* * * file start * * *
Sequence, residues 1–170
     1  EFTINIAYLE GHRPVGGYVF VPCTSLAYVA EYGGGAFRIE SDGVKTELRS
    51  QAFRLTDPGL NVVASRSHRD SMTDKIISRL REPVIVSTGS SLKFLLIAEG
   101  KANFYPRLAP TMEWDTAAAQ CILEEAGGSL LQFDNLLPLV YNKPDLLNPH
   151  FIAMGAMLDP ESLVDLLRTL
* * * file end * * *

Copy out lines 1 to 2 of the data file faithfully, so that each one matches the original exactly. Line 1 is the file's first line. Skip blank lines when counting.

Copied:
Sequence, residues 1–170
     1  EFTINIAYLE GHRPVGGYVF VPCTSLAYVA EYGGGAFRIE SDGVKTELRS